Revised norm on public holding will prevent stampede of issues

Otherwise, there would have been stampede of public issues, causing enormous stress -- both on primary as well as secondary markets.

After this revision, state-run companies are expected to maintain their minimum public shareholding of 10 percent within a period of three years. And, for the private sector, it shall be 25 percent over a period of three years.

Before this amendment, there were 35 state-run companies which would have been affected by the said minimum public shareholding guidelines. The total amount expected to have been raised by them was to the tune of about Rs.125,000 crore (over $27 billion).

After this amendment, about 20 public sector undertakings will get relaxation from this guideline, and only 15 state-run firms will get subjected to the requirement.
The start-run companies that will get relaxation include Satluj Jal Vidyut Nigam, Power Finance Corp, Mangalore Refinery, National Aluminium, Power Grid Corp, NHPC, SAIL, NTPC, United Bank of India, Central Bank of India, Shipping Corp, Indian Bank, India Oil Corp, Oil India, Bank of Maharashtra and Bharat Electronics.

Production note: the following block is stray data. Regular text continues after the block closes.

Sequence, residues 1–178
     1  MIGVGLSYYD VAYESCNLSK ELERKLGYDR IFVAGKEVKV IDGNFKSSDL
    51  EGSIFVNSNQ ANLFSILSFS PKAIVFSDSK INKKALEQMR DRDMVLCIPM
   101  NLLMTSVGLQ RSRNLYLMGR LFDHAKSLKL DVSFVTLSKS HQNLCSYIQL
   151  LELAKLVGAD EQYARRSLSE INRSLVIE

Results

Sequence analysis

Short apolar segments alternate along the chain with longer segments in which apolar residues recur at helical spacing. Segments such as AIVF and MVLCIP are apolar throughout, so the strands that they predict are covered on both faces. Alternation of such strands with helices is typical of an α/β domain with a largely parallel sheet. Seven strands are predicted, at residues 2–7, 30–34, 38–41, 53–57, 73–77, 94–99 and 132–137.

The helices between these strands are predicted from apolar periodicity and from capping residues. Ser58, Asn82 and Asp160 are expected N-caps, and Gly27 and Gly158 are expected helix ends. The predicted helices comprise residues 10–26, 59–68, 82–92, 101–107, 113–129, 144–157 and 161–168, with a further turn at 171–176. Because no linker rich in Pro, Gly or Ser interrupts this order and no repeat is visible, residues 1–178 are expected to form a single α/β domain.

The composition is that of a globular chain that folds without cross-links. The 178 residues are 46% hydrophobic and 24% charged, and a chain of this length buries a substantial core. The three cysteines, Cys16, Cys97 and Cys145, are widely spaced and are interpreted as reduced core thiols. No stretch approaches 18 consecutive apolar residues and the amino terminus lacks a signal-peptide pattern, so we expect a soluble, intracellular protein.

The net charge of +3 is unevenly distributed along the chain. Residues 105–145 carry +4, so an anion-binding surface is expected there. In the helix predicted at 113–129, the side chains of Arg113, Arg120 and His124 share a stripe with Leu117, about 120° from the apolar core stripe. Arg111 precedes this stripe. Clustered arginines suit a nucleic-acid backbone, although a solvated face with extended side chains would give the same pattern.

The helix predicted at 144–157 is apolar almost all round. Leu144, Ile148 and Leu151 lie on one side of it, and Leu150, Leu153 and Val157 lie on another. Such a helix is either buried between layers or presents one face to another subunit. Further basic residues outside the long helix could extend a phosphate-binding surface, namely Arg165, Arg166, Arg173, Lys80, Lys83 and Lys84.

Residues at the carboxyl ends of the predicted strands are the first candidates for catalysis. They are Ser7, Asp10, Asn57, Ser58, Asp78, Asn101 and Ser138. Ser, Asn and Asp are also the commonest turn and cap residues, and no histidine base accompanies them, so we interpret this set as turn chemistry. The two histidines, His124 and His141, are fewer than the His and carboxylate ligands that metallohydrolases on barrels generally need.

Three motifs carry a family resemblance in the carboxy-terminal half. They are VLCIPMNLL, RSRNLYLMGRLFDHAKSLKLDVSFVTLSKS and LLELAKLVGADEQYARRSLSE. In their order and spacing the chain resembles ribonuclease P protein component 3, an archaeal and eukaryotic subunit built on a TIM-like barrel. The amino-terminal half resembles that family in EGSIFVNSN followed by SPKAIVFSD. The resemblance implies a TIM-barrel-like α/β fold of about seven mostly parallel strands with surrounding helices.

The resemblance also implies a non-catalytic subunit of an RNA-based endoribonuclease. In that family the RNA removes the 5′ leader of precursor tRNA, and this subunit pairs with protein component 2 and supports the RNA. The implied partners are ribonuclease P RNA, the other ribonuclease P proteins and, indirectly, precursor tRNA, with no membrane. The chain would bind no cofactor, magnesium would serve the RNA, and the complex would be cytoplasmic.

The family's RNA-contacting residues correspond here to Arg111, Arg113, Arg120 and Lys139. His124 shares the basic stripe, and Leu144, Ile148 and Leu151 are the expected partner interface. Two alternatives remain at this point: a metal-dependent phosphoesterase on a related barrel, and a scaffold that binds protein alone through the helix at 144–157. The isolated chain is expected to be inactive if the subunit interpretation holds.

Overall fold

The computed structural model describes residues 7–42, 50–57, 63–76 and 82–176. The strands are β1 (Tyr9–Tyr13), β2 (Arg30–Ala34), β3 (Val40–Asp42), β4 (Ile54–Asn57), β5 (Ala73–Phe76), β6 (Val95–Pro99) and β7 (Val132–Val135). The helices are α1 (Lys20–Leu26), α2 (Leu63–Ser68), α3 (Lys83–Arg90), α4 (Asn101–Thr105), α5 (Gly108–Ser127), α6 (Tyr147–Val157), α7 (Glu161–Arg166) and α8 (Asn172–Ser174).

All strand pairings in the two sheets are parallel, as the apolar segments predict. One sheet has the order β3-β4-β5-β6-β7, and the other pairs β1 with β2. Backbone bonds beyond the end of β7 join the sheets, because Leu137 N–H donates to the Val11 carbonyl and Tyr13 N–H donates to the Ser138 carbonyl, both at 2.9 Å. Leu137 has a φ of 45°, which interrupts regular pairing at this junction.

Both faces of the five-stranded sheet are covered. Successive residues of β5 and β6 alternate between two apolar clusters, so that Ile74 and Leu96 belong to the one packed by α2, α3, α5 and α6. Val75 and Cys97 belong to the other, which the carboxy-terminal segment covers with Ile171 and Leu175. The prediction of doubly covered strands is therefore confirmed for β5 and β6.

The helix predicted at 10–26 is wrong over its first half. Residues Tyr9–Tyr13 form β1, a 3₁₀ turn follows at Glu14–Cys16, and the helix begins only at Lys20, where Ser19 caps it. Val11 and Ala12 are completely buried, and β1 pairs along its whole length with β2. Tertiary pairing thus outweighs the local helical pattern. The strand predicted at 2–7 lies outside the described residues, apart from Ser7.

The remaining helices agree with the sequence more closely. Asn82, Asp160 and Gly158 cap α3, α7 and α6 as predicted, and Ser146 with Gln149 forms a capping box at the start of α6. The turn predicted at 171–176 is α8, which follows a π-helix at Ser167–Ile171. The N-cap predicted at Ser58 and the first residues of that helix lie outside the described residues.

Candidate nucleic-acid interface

As a result, the 15 public sector undertakings that will be affected by the revised norm will need to raise just around Rs.20,000 crore ($4.4 billion) at current market prices. This means a whopping Rs.105,000-crore ($23 billion) lower.

The 15 companies that will still have to comply with the guidelines include Hindustan Copper, MMTC, Neyveli Lignite, National Fertilizers and HMT.
Post this amendment, there will also be substantial reduction on the number and amount of public issues expected to come to the market. This is quite a sensible and practical decision by the finance ministry.

Before this amendment, the total impact on state-run companies and the private sector firms put together was to the tune of about Rs.151,000 crore ($33.5 billion). Of this, about Rs.26,000 crore ($5.74 billion) was to have been raised by the private sector.
However, after this amendment, the total impact will reduce to about Rs.46,000 crore ($10.2 billion). Of this, about Rs.20,000 crore ($4.44 billion) will be raised by pubic sector firms and about Rs.26,000 crore ($5.76 billion) by the private sector.
Also good to note is that rationality has finally prevailed. Of course, some sections of the capital markets may view that this guideline has an element of "bias" towards state-run firms in comparison to the private sector.
While private companies need to take their minimum holding to 25 percent for state-run firms only have to raise it to 10 percent. Nevertheless, keeping the larger picture in mind, this is quite a prudent decision by the finance ministry.
This surely will help in averting a stampede of public issues.

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